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Hollande's ex-economy minister Macron announces French presidential bid

Former French Economy Minister Emmanuel Macron delivers a speech during a press conference to announce his candidacy for next year's presidential election on November 16, 2016 in Bobigny, near Paris.
Former French Economy Minister Emmanuel Macron delivers a speech during a press conference to announce his candidacy for next year's presidential election on November 16, 2016 in Bobigny, near Paris. PHILIPPE LOPEZ / AFP

Macron announced Wednesday his candidacy for the French presidency, a long-awaited move that could disrupt other campaigns on both the left and the right.

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The 38-year-old former investment banker quit his job as economy minister earlier this year and has set up his own political movement called “En Marche” (Forward)".

Despite his past role in Socialist President François Hollande’s government and as an adviser to him before that, Macron is not a member of the Socialist Party.

He is also not an elected politician, and commentators say his lack of a party apparatus makes him an unlikely winner.

>> READ MORE ABOUT MACRON: Macron’s plotting for French presidency

However, as one of France’s most popular politicians, his policies take aim at the centre ground, which is also the target of Alain Juppé, the pollsters’ current favourite to become president in the two-round election next April and May.

Macron’s widely-expected intervention comes just days before the first round of the primaries of the Les Republicains party and its centre-right allies on Sunday, and the timing was not lost on one of Juppé’s supporters in parliament, Benoist Apparu.

“He said, broadly - ‘I am going to do politics differently, outside of political clans and parties’” Apparu said on BFM TV. “And then the first thing he does is a purely political, calculated, electoral move, telling himself, ‘I will try and falsify ... the result of the centre-right primary.”

Juppé’s main rival to win that contest is former president Nicolas Sarkozy, who has positioned himself to ex-prime minister Juppé’s right in an attempt to capture voters worried about immigration and security.

Opinion polls in recent months have shown that whoever wins the Le Républicains ticket will face, and beat, Marine Le Pen, the leader of the far-right National Front, in the second round of the election proper next May.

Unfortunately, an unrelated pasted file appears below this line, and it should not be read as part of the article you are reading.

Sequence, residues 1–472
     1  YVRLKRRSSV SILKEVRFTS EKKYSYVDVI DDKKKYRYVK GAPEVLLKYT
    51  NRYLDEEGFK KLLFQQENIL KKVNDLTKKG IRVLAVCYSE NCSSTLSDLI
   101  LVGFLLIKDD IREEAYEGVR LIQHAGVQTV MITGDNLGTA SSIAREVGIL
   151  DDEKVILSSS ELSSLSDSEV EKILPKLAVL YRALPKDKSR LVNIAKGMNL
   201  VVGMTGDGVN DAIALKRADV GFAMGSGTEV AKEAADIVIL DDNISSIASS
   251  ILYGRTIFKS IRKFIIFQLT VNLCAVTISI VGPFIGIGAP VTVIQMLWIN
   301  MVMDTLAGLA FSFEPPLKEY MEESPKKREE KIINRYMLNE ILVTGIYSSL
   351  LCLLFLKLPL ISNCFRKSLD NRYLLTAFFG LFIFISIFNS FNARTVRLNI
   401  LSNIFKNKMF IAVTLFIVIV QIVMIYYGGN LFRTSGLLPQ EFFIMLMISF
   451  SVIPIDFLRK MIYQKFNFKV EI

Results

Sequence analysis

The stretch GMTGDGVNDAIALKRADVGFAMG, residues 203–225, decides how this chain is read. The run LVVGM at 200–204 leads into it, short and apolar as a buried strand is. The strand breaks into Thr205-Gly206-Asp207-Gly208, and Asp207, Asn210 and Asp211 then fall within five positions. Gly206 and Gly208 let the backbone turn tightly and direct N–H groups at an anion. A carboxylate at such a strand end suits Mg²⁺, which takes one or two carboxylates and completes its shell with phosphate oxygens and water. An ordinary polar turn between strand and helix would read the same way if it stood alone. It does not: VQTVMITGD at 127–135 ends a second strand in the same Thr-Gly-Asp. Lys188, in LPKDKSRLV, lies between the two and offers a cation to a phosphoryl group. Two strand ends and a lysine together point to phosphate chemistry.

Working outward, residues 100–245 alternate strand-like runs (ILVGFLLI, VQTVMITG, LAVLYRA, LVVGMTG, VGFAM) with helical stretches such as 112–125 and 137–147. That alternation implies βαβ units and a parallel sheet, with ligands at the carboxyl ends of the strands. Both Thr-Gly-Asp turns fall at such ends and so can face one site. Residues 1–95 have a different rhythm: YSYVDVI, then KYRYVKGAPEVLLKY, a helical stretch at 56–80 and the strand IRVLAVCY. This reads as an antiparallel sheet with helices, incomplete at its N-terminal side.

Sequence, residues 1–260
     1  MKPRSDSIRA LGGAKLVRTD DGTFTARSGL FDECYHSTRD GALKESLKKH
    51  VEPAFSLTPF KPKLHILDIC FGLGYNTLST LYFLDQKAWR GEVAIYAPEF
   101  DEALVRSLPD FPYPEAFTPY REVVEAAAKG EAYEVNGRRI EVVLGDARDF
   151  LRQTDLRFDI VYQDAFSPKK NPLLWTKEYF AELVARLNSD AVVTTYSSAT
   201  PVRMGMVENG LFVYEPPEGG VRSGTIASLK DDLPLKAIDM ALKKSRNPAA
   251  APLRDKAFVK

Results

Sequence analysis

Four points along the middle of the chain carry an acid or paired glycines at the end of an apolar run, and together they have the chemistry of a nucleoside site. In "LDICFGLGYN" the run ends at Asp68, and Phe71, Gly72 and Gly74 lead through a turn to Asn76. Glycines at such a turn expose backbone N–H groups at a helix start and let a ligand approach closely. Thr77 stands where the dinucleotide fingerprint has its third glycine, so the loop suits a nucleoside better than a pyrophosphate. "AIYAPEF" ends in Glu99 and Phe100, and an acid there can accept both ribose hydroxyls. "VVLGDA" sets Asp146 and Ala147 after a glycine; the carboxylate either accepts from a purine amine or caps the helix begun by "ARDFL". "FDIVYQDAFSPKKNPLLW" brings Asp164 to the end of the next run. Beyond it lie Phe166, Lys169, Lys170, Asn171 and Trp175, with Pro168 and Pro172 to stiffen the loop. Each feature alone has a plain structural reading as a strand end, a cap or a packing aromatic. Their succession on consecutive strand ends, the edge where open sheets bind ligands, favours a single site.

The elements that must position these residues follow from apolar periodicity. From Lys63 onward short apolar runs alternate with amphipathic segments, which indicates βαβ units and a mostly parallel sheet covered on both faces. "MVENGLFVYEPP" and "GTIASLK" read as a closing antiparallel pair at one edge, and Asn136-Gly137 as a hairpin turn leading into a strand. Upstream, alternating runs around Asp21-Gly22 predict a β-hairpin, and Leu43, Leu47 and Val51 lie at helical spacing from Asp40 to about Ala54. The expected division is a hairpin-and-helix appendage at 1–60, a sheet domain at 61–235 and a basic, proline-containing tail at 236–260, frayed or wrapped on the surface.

But the battle is a complex one.

New doubts have emerged about the accuracy of opinion polls since Britons voted unexpectedly to quit the European Union and Donald Trump won the US presidency, particularly with regard to the populist voters to whom Sarkozy and Le Pen have appealed.

In addition, left-wing voters are widely expected to gatecrash the Les Républicains primaries, voting in large numbers for Juppé to avoid a Sarkozy-Le Pen choice in next year’s election proper.

French voters can cast ballots in the primaries whether they are party members or not. Apparu’s objection is rooted in the expectation that some who would have voted for Juppé in the primaries might hold off if Macron is going to run.

Macron aides have said he will not take part in January’s Socialist primaries, but he could make further inroads on those voters who still favour the deeply unpopular Hollande for a second term, or who plan to vote for Prime Minister Manuel Valls should Hollande decide not to run and Valls take his place.

That would further split the vote in an already crowded Socialist primaries field.

An October poll published by Odoxa put Macron at the top of a list of potential presidents from the left, with 49 percent considering him a good head of state. Valls came second on 42 percent while Hollande was out of the running on 13 percent, behind several others.

Among Socialist voters, Valls came first on 70 percent with Macron in second place on 50 percent.

(FRANCE 24 with REUTERS)
 

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